You can discover more about a person in an hour of play than in a year of conversation.
All through the second act of Tosca (its only good act), the night sky boomed with constant, earsplitting thunder.
Then the heavens opened and caught us in the biggest electrical storm I have experienced in probably twenty years.
It seemed significant.
Significant not only because it was an appropriate grieving response from the night sky for the first simian (at least in the last few million years) to have physically walked on another planet. And while the accusation that he and NASA have been lying to the world for decades remains competently un-refuted, I still think the man should be on currency.
But it wasn’t just that.
It had been one of those days of missteps and setbacks that puts your magical spidersense on edge. As if you’re burning through the karma of another time. Kinda like picking up ghosts in Marseille.
Some of the missteps were literal. Lucca is proper maze-like. If you have a few minutes and don’t mind assholes, watch the boys from Top Gear racing each other out of town.
We almost didn’t make it at all as our charter van was waiting just outside the walls of the medieval city we were staying in and we had been instructed to wait inside them.
(And to watch out for a branded minivan rather than a black, tinted Rihanna-transporter.)
Upon pulling back the van door, I got another tingle from the other four occupants.
There’s just something weird about six complete strangers -all from different foreign lands- meeting outside the gate of Saint Peter for a night journey in a large black cube.
We were literally flooded out of the amphitheatre. In the dark, we ended up sprinting through ankle-deep water in an evacuating carpark, looking for our Rihanna-mobile.
And I knew it was going to happen, thanks to forbiddenislandomancy. What’s forbiddenislandomancy?
Glad you asked.
It’s fucking hot in Tuscany. There is a four hour gap in the middle of the day where everything closes and if you haven’t found a cool place to pretend you are a cartoon Mexican stereotype then you might just catch fire.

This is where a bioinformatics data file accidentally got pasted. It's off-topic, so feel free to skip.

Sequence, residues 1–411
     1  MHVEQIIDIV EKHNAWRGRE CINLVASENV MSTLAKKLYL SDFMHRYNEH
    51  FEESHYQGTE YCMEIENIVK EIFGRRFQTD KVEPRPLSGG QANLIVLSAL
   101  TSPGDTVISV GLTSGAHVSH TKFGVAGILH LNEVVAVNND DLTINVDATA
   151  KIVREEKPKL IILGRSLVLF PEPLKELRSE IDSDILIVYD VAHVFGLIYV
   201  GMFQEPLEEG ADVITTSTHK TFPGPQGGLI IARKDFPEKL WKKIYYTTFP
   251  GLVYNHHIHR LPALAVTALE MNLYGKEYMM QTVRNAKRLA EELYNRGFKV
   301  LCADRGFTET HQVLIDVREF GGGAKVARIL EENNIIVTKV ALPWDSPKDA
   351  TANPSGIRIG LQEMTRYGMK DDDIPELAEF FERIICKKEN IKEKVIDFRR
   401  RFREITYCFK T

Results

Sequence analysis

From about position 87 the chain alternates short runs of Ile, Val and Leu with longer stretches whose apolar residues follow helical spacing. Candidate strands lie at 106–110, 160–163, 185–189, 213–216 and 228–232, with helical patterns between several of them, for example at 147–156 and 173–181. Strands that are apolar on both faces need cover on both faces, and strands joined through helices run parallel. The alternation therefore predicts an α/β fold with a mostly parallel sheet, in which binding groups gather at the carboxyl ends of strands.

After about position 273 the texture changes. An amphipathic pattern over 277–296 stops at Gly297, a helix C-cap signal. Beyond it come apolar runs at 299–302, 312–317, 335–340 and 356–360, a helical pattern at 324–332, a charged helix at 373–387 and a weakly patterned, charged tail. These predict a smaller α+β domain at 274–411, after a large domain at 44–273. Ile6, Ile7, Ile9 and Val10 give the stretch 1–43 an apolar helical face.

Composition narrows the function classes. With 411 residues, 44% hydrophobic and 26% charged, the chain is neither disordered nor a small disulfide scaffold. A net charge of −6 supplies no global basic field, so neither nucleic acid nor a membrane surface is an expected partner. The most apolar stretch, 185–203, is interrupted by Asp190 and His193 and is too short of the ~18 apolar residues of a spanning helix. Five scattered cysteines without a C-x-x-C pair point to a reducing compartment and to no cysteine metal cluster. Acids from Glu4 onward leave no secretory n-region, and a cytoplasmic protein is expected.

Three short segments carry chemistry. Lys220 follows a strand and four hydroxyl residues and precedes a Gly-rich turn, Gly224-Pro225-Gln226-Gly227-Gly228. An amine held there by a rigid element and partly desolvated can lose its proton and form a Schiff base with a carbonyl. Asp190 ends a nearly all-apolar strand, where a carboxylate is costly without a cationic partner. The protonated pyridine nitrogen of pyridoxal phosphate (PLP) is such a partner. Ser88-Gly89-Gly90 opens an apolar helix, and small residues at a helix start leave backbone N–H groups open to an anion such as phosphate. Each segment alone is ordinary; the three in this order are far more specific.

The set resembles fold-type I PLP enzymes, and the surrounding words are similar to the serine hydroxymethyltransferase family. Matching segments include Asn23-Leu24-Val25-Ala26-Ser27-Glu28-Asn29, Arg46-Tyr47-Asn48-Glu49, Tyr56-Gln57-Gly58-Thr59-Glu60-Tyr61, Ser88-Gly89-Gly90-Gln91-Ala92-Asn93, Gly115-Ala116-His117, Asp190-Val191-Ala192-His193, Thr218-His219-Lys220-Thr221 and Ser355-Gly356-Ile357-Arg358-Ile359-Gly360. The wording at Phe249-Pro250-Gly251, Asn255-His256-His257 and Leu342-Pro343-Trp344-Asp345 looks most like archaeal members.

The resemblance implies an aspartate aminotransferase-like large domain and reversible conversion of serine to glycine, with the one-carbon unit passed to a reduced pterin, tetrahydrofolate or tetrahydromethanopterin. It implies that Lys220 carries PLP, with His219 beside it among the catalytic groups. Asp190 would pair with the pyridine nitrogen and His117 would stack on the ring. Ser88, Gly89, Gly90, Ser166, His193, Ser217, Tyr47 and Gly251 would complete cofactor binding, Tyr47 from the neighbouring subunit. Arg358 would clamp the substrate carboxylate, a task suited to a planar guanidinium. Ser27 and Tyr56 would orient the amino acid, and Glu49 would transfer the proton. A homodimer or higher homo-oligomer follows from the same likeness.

Typically, we would park up under a large umbrella on our balcony, drink great volumes of Campari and play Forbidden Island. We were there for my partner’s birthday and it was one of the gifts I got him. Then when it cooled down, we’d tart ourselves up, head out for aperitivio and then onto dinner.
If you’re unfamiliar with the product, then watch the video.
But basically you take on the role of adventurers visiting a flooding island and collaborate in a last ditch attempt to extract the island’s treasures.
It’s sacred elemental treasures.
(The game is highly recommended and like I said to my partner when he opened, I can’t 100% promise this won’t happen to him in real life at some stage if he stays with me so consider it good practice.)
You know that feeling you get when you’re shuffling your Tarot cards in preparation for a reading?
It’s like your brain is syncing specific images on paper with specific things out there in the world… like a keyboard you have to boot up each time before use.
Randomly generating the board you are about to use in an attempt to capture four elemental tokens feels like that. This does not mean playing Forbidden Island caused us to be flooded out of Torre del Lago, anymore than the death of Neil Armstrong caused the thunderstorm.